Ramadan, the Muslim month of reflection and fasting, began Tuesday, and Amina Iro has some goals: Study her Koran more. Try to use less profanity. Spend more time with her family.
“Sometimes my Mom and I butt heads, and I want to be more patient. I’m realizing more and more that this life is not forever, so I have to make the most of it,” the 17-year-old from Bowie, Md., said.
Iro is part of a group of Muslim teens who have been exploring a key Ramadan theme — self-betterment — this year through their participation in one of the biggest Muslim youth events in the country.
Organizers of the Muslim Interscholastic Tournament, or MIST, picked the topic of self-improvement after surveys last year showed many of the largely traditional teens carrying guilt, worried about sinning and making mistakes. The thousands of teens compete in everything from improv comedy to photography to spoken word.
“They felt like because they sinned or they did things that weren’t necessarily the best, they didn’t consider themselves religious,” said Tara Mohammed, regional director for the D.C.-area MIST, which includes nearly 600 youth. “They felt, ‘There’s no hope for me now, I might as well turn to other things, partying.’ We are trying to push self-awareness, patience, the idea that you can always rise to something better.”
Iro, a rising senior at Eleanor Roosevelt High School in Greenbelt, Md., took first place last weekend in short fiction at the MIST national championship in Michigan. Her story was about two sisters living in an orphanage. The younger has schizophrenia, making it harder for them to be adopted. The older sister struggles with anger and shame about her sister. Meanwhile, the younger one has elaborate imaginary adventures.
Iro says she is fascinated by people with conditions like schizophrenia and wanted to explore the life of “someone who is generally misunderstood.” As a girl who has been bullied for wearing a hijab, or head covering, she sees parallels with her life as a Muslim in post-Sept. 11 America. She knows what it is like to feel a bit out of the mainstream culture.
“We live in a society where not everyone knows everything about my way of life,” Iro said. “There was a subconscious thought to try and make a connection.”
Anam Khatib, 16, who won the regional short film competition for her video about a relationship between a father and son, went to a religious school for middle school and said observant Muslims “struggle in public school” to resist drinking, drugs and sex. “There’s a lot we know we can’t do. Sometimes we do them and feel guilty.”
Does doing such things make someone a bad person, or a bad Muslim?
“I don’t think anyone is a bad person. Some actions make them feel like they are,” said Khatib, a rising senior at Eleanor Roosevelt High School, whose parents immigrated from India (her father played the father in the film). “And relationship with God is a very individual thing. Other people can’t judge you on your actions. Only God can.”
Islam teaches that Satan is chained up during Ramadan, giving Muslims extra protection as they fast and try to become closer to God. “That means it all comes down to us,” she said. She doesn’t make specific resolutions — though many Muslims do during Ramadan — but will generally try to be more charitable, a better student and a better daughter, she said.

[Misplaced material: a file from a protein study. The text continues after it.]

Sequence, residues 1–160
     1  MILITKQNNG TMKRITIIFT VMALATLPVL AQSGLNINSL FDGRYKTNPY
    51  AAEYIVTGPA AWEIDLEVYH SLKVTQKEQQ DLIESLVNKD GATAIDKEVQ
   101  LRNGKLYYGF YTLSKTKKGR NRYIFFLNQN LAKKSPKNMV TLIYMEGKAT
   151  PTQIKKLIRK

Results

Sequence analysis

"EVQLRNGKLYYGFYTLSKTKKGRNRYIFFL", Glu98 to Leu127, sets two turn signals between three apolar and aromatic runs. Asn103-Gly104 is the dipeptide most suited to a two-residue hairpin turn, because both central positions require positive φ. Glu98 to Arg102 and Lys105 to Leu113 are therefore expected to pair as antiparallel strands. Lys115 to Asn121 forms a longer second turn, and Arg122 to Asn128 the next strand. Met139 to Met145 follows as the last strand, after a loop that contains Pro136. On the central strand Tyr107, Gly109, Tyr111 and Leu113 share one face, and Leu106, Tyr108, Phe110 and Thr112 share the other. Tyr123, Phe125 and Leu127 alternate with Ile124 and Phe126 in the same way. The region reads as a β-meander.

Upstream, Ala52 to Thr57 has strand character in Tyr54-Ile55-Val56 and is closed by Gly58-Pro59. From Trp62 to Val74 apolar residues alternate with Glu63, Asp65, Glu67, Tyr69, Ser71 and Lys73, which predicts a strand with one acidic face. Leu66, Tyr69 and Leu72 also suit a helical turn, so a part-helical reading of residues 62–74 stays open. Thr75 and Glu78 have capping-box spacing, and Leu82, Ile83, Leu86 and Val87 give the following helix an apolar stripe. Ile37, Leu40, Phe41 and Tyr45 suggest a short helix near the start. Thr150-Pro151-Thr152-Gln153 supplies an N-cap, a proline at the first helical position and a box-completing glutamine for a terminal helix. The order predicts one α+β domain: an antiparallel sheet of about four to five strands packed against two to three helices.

Khatib’s brother, Arbaz Khatib, 15, placed second in the regional championship in photography for an image of an hourglass and a century-old tree outside their Greenbelt home. He wanted to show how the tree had survived storms and time and was still prospering. He shot it from the bottom looking up to emphasize how its movement was upward.
“When we mess up, and go against our religion, either by accident or on purpose, the guilt should be there. It’s a sign of repentance,” he said. “But also you need to have patience. Yes, you messed up, but we are all humans.”
This Ramadan, Arbaz Khatib said he’s working on being more respectful to his parents and being more prompt about starting his five-times-daily prayers. After professing yourself a Muslim, praying on time is the second most-important thing, he said.
Idiris Mohamed, 16, of Hyattsville, Md., said he’ll work this Ramadan on memorizing more of the Koran — a feat particularly valued in certain Muslim communities, including Mohamed’s native Somalia.
“It’s cultural, but it’s really for God. At the end of the day, whatever you do is for the sake of God,” said Mohamed. “[Memorizing] makes you more involved in your prayer. Once you get more involved in your prayer, everything falls into place in your life. I’ve found that, definitely.”
Mohamed goes to Dar Us-Salaam private school in College Park, Md., and says going to a school with other Muslims doesn’t necessarily make it easier to deal with peer pressure and other things that can challenge a teen’s self-image.
“At the end of the day I’m human,” he said. “As a Muslim, usually if you can realize you’re doing something wrong you can still feel you have a good heart. “
He made it to the national semifinals for improv comedy and took first place in the regionals for a graphic design image of an unproductive painter.
Teens at MIST talk a lot about how to stick to traditional Islamic values and resist having boyfriends or girlfriends. They also talk about family problems and what to do if a sibling or friend “is going astray,” he said. “Muslims understand it’s wrong [to have physical relationships outside marriage] but still do it anyway.”
One of the most powerful moments at the national competition, he said, was a spoken word piece by a teen who is, like Mohamed, from Somalia. The piece was about the boy’s father leaving him. The other teens chanted the boy’s name at the end.
“That’s to me the whole point [of art], to use your own life story to change others,” he said. After the other youth’s performance at nationals, “everyone became more grateful for their lives.”